Human flourishing and human dignity are not empty phrases. They have real content, and they matter in real lives. The facts are that we want to live flourishing lives and we want to live lives of dignity. We cannot live such lives, however, unless certain conditions are fulfilled. Among these conditions, flourishing is personal autonomy, understood in the sense of self-authorship. Autonomy in that sense itself requires certain conditions. Property is among the conditions intimately connected with self-authorship. A person who lacks basic forms of property such as food and adequate shelter is denied self-authorship, without which she cannot experience whatever form of life she considers fulfilling. The harsh reality is that many, all too many, people do not live such a life. Those of us who are fortunate enough to know what it means to live a fulfilling life should be profoundly disturbed by that reality and unwilling to accept things as they are.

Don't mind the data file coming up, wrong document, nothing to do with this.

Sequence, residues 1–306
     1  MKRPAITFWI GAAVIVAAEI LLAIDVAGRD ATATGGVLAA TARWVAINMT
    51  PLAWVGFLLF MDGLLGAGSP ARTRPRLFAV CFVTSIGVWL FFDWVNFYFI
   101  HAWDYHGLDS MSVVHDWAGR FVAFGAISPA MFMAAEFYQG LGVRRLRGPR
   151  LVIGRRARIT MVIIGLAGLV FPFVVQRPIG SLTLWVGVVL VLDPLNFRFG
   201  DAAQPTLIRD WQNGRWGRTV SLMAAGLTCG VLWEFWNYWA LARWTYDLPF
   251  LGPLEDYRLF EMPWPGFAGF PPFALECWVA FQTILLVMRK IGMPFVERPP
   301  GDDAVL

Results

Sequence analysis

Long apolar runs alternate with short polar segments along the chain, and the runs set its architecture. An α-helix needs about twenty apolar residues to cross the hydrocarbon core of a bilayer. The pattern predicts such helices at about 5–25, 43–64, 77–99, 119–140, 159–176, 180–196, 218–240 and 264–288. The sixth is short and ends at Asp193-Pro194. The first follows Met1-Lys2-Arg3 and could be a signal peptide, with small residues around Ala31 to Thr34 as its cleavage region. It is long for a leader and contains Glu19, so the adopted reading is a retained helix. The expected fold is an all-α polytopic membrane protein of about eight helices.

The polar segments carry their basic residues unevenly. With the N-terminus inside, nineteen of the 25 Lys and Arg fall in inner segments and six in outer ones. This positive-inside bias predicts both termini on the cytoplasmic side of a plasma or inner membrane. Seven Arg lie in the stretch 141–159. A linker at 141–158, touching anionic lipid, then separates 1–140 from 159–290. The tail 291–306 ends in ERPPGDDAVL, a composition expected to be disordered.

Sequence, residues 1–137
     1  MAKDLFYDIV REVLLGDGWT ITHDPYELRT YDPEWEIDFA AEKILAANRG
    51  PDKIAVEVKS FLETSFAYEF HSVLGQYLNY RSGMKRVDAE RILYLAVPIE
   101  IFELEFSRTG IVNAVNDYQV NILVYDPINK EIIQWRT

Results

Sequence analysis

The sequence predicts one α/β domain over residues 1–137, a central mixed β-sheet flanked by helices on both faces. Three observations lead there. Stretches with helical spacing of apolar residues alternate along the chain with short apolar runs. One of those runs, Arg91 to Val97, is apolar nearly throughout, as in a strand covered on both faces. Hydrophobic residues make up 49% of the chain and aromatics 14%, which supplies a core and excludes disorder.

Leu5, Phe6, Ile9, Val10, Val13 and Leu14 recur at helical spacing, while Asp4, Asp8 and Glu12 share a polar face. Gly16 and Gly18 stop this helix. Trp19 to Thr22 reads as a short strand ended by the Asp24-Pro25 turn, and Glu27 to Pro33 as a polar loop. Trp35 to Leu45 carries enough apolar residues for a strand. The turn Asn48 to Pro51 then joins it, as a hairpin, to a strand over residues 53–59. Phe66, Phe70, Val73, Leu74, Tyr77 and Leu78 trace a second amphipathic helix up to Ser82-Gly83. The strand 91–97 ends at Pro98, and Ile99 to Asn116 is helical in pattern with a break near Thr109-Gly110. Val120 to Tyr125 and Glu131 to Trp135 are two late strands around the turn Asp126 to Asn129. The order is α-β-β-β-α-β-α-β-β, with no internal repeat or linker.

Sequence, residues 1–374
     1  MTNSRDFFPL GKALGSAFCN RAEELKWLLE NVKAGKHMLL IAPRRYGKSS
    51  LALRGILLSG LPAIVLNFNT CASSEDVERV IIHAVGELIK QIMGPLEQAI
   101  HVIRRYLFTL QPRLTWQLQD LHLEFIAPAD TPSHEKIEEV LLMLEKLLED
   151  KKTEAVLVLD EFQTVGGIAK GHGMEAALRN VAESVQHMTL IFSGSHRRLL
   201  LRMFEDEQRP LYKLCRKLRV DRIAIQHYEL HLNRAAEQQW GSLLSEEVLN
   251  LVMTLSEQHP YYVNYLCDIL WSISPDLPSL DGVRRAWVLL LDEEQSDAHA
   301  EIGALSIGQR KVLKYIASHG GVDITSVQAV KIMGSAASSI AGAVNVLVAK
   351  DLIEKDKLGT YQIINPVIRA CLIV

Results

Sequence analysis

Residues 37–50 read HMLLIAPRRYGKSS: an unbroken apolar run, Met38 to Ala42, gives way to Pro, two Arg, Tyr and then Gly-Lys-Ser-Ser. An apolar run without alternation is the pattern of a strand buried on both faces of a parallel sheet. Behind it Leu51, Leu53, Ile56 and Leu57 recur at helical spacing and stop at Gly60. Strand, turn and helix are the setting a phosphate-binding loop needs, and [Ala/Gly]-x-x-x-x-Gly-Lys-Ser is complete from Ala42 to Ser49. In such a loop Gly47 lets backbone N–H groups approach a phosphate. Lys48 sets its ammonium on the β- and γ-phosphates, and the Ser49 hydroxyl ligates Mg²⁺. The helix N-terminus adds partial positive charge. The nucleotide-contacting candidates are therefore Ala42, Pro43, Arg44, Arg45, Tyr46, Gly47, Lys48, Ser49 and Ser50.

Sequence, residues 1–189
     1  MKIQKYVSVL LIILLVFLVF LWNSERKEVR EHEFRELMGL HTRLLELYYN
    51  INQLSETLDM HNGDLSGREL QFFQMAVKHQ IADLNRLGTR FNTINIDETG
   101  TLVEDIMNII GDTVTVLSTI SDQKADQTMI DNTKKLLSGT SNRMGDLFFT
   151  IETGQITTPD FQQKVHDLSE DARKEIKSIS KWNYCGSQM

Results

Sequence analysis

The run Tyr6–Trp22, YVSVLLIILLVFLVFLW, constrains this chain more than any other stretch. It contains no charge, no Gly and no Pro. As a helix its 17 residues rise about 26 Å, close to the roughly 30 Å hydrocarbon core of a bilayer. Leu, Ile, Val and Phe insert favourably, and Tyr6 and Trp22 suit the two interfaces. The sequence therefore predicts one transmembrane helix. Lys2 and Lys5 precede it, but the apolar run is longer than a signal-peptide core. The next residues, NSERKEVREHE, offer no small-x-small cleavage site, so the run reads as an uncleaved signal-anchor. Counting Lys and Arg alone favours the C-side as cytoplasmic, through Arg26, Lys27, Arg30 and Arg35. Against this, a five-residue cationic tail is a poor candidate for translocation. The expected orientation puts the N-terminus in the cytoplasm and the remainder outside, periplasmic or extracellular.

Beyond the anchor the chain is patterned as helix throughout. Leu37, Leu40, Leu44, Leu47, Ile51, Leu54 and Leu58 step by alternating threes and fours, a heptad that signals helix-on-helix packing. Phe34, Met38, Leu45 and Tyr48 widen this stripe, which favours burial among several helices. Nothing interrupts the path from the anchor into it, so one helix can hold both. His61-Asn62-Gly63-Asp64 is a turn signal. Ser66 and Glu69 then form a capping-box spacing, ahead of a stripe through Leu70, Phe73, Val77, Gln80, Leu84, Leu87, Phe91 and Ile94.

Gregory S Alexander, Property, Dignity, and Human Flourishing, 104 Cornell Law Review 991 (2019).